Diamond Shapes: The Pear Cut
An asymmetrical diamond cut famous for its teardrop shape, the Pear cut combines the roundness of the Oval and the pointy end of a Marquise.
The Pear shape is a Fancy Brilliant cut. In the context of diamond shapes, ‘Fancy’ is an umbrella term describing all diamond cuts other than the Round. A ‘Brilliant’ cut is a diamond cut polished to achieve high brilliance. They feature triangular and kite-shaped facets.
Despite its chic, contemporary allure, the Pear cut was introduced in the late 1400s. Developed by Flemish cutter Lodewyk van Berquem, the original Pear had 58 facets. But after five hundred years, diamond cutters have earned some creative license, and modern pear-shaped diamonds can sport 56 to 58 facets.
Read on to learn more about this unique shape:
The Pros and Cons of Pear-Shaped Diamonds
What to Look For In a Pear Cut
The Best Settings For a Pear-Cut Diamond
Qualities of The Pear Shape
Anatomy of the Pear Cut
Like other Fancy shapes, the Pear doesn’t follow a standard set of proportions. With so many variables, pear-shaped stones can look very different from one another giving each stone a personality of its own.
With a length-to-width ratio of 1.74, this 0.18 ct Pear-Shaped Lavender diamond looks long and slim
Depending on the unique characteristics of the head, shoulders, wings, and belly, Pear diamonds can look rounded, pointy, bulgy, or slender. There is no official consensus on which ratio or set of attributes is ideal.
This 0.22 ct Intense Pink Pear Cut diamond has a softer, more rounded shape due to its 1.27 ratio and broad shoulders.
For the same reason, GIA does not provide a Cut Grade for Fancy cuts. Yet, Polish and Symmetry are described in all GIA lab reports.
Another distinctive feature of the teardrop shape is the bowtie effect. Also present in the Marquise and Oval cuts, the bowtie is a natural pattern made of two symmetrical triangles that meet towards the center. Although not considered a defect on its own, of a bow tie is too large and dark it may become more noticeable making the diamond less attractive.
Examples of two Pear-Shaped diamonds with very apparent, dark bowties extending across the width of each stone. Source: GIA
Pear Cut Diamonds: Pros and Cons
Elongated shapes like the Pear are favorites for engagement rings as they tend to appear larger than their actual carat weight. The tip point of the Pear makes it a very flattering center stone.
From celebrities to fashion icons, the Pear cut is universally loved.
Victoria Beckham is famous for her engagement ring collection, which is rumored to continue to grow with every wedding anniversary. One of the most impressive rings seen on her, it’s a 15 to 17 carat pear cut diamond set in a platinum pavé band.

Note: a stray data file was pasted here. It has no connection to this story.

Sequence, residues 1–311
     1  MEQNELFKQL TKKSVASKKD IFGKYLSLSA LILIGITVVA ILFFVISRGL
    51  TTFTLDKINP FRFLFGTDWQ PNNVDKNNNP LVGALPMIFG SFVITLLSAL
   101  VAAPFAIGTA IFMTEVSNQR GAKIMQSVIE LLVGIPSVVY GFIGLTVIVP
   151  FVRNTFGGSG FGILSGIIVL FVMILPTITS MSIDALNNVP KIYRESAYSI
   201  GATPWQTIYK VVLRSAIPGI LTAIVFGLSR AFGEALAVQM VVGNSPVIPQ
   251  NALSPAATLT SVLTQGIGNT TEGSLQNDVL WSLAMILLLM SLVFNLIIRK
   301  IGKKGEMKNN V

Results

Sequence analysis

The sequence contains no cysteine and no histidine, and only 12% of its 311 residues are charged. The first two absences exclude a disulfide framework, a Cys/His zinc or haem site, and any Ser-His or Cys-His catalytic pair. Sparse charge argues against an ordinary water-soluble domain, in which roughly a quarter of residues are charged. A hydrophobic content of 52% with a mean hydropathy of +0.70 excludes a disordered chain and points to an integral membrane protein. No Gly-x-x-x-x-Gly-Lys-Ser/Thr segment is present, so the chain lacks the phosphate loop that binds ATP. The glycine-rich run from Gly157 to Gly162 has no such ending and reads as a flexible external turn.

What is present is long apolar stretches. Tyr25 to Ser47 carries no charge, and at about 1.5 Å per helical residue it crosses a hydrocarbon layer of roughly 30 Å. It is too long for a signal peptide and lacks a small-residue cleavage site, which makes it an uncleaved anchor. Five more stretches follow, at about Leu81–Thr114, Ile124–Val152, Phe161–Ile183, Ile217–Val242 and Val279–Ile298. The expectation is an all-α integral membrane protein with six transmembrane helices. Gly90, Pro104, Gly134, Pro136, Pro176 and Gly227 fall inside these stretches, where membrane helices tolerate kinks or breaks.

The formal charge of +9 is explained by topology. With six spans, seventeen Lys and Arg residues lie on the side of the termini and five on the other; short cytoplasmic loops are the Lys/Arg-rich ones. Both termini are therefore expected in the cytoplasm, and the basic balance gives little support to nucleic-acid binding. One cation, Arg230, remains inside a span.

Actress Margot Robbie, rapper Cardi B, and tennis player Anna Kournikova share the same taste in engagement rings. Their bands vary in style, but one feature connects them: the center pear cut diamond.
But the most famous pear-shaped engagement ring of all time has to be the one Elizabeth Taylor received from Richard Burton. The lavish 69.42-carat pear-shaped diamond was later adjusted to be worn as a necklace.
Some argue that the same feature makes Pear diamonds prone to get stuck in fabrics, especially when wearing long sleeves or knitwear. For this, we offer a simple solution: always put on your jewelry last, and take it off first.
Another critique often mentioned in blogs is how difficult it is to find well-cut Pears. With so much creative room to cut Pear shapes, wings can look bulgy, the head could be too flat, and many other’ less aesthetic’ features can be found. However, this is all subjective. Your idea of a perfect Pear might be one with soft wings; for others, flatter wings creating a sharper point could better fit their concept of beauty.
The Best Settings For a Pear-Cut Diamond
Often a concern for Marquise and Pears is their sharp tips. Whereas it’s true they could increase the risk of damage in the event of a hard blow, jewelers are well aware of this, and Pear-shaped diamonds are often set with special care and attention to protect the tip.
Here are some creative settings for Pear-shaped diamonds from our bespoke archives.
3.00 ct Intense Orange Pear-Shaped Diamond Ring
This exquisite, V-shaped, tapered ring features an Intense Orange Pear cut diamond. You will notice the tip is well guarded by the embellished band.
Fancy Black Pear Cut Diamond in a Tension Setting Engagement Ring
A Black Pear cut diamond is held in a modern tension setting for this alternative engagement ring in rose gold, offering plenty of protection to the tip.
Yellow Pear Cut Diamond in a Multi-Row Pink Diamond Pavé Setting
A delicate, multi-row pavé setting made of Pink diamonds hugs the exceptional 5.24 carat Fancy Yellow Pear cut diamond in this colorful rose gold ring.
Orange Pear-Shaped Diamond in a Bezel Set, White Gold Ring
Bezel settings conform to any diamond shape and have a thin metal rim that folds over the stone and holds it secure. This type of setting offers extra protection against impact.
Ultimately, the risk of accidentally dropping your jewelry is universal and not restricted to Pear shapes. Nonetheless, damage in diamonds is very uncommon as they are the hardest mineral. Check out our Summer Care Guide, where you will find general care and storing tips.
What to Look For In a Pear Diamond
Look for good symmetry and polish, as they are integral for brilliance.
Remember, ratios and proportions are a matter of personal taste. There is no right or wrong. The best diamond is the one that you find remarkable.
For Fancy Color diamonds, the specific hue and level of intensity are always more important than any other feature. Color is the driving value factor.
At Langerman Diamonds, we have an outstanding inventory of Natural Color Pear Cut diamonds waiting to be added to your collection.